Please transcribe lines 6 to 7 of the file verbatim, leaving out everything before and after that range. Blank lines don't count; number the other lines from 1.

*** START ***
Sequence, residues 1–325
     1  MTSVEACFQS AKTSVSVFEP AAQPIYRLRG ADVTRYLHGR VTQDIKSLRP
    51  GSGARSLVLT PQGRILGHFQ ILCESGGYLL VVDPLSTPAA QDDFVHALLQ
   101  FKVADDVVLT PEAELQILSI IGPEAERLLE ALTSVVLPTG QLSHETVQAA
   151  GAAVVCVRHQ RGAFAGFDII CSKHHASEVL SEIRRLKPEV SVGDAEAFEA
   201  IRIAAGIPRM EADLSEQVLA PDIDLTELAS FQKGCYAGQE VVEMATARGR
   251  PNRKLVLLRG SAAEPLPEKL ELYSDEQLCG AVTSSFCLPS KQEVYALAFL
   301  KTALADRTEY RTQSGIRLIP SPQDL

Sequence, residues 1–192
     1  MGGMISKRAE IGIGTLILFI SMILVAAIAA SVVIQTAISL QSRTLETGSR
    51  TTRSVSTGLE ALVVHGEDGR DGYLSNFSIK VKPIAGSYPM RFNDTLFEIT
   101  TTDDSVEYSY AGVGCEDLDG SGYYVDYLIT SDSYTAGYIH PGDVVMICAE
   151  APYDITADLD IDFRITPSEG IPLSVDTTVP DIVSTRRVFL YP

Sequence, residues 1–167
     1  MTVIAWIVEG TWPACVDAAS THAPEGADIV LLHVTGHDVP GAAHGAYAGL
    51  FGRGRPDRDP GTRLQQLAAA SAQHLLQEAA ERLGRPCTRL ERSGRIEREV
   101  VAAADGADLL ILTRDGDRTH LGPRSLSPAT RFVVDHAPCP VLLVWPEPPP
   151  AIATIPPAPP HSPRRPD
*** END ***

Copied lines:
   201  IRIAAGIPRM EADLSEQVLA PDIDLTELAS FQKGCYAGQE VVEMATARGR
   251  PNRKLVLLRG SAAEPLPEKL ELYSDEQLCG AVTSSFCLPS KQEVYALAFL